Agra Fort is known for its rich history. The fort has been owned by many emperors and rulers in the past, undergoing many changes in its appearance. It all began in the year 1526 when the first battle of Panipat was fought between Babur and Ibrahim Lodi of the Lodi dynasty. When Babur defeated Ibrahim Lodi, he made the fort and the palace of Ibrahim Lodi as his home. He then modified the fort by building a huge step well (baoli) inside. The fort soon became an important monument to the Mughals. In fact, Babur’s successor, Humayun’s coronation took place at the fort in the year 1530.
Soon emperors from other dynasties started eyeing the fort and efforts to win over the same began. In 1540, Sher Shah Suri of the Sur Empire waged a war against Humayun and defeated him at Bilgram. Sher Shah Suri took over the ownership of the fort from Humayun and made minor changes to it, so as to suit his own architectural taste. The fort stayed with the emperors of the Sur dynasty for the next 15 years.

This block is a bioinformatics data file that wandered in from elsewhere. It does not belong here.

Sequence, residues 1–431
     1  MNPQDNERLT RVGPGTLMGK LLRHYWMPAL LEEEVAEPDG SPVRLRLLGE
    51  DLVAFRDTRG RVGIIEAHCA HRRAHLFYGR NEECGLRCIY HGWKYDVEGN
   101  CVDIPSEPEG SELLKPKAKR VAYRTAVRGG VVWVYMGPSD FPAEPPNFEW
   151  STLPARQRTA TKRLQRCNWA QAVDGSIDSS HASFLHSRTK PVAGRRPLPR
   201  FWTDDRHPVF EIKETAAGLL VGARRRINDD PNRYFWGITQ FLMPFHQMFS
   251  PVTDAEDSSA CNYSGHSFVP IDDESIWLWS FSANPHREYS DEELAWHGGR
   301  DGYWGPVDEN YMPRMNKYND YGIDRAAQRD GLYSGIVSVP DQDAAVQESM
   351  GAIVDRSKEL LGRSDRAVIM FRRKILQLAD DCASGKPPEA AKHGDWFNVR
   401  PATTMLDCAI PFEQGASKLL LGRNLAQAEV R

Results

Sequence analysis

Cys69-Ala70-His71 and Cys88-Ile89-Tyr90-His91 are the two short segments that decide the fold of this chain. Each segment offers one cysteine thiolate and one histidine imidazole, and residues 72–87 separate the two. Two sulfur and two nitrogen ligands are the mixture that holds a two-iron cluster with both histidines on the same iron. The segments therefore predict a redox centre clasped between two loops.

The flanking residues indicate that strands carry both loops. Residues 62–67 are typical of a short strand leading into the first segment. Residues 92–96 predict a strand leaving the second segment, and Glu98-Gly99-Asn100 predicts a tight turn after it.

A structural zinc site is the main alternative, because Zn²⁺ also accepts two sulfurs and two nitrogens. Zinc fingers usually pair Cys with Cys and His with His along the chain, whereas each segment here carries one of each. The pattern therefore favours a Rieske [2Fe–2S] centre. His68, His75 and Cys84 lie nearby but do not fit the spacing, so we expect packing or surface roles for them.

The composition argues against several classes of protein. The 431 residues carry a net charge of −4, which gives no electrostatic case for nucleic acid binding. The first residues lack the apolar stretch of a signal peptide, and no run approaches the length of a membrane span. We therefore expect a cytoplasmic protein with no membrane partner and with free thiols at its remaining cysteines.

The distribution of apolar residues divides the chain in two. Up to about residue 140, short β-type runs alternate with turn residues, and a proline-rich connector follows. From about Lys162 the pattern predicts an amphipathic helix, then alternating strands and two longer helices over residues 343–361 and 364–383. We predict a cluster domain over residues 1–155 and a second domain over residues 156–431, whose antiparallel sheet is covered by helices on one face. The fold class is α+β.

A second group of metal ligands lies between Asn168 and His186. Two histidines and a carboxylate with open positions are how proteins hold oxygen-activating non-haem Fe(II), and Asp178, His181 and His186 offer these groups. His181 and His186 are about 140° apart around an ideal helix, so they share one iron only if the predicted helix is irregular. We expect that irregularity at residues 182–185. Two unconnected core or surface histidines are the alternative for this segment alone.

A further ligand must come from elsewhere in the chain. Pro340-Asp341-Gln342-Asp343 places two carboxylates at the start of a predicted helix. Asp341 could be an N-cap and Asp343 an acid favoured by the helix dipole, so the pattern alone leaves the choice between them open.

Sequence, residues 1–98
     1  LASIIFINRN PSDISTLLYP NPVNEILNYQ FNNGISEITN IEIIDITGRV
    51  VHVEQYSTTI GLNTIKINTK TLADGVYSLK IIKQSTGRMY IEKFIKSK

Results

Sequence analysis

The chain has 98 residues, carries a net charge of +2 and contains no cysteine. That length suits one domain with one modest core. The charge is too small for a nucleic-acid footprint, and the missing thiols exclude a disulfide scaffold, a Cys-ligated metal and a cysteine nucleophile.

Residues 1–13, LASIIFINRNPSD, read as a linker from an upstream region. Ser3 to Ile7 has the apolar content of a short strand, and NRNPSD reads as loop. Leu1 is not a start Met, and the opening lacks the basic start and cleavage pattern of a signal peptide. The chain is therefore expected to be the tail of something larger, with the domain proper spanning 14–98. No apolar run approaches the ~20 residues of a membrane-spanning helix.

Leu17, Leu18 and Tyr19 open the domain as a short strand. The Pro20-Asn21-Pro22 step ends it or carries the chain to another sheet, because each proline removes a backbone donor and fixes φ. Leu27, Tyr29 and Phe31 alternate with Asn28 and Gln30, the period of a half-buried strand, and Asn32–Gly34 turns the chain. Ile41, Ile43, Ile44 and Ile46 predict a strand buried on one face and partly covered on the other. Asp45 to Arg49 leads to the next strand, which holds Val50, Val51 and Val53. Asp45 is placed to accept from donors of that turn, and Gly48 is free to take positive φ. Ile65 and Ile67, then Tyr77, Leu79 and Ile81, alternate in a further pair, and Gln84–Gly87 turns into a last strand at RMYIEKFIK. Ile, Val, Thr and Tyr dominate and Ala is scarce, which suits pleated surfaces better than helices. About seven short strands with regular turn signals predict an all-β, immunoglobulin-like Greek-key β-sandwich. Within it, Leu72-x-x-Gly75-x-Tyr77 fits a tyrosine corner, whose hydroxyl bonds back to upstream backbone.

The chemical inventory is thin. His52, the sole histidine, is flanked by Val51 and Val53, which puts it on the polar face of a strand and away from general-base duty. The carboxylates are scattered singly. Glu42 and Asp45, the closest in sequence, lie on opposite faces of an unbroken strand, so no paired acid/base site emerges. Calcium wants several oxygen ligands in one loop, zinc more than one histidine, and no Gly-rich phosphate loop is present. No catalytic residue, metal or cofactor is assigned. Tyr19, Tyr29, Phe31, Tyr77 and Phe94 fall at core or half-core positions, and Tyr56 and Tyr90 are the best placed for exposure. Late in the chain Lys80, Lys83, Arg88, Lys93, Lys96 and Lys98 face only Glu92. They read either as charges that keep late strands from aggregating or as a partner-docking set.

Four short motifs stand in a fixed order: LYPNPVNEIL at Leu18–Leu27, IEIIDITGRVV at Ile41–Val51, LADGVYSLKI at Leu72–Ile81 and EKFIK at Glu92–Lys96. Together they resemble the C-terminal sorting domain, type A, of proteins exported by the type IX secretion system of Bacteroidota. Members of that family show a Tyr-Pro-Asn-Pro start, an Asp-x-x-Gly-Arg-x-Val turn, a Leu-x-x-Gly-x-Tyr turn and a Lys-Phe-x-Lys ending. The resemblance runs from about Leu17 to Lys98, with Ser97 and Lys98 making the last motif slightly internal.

In 1555, Humayun managed to recapture Agra and with it the fort as well. But a year later, Hemu Vikramaditya, the general and military commander of Adil Shah Suri (final emperor of the Sur dynasty) captured Agra. He pursued the fleeing army to Delhi and the Battle of Tughlaqabad ensued between him and Tardi Beg Khan, the military commander of the Mughals.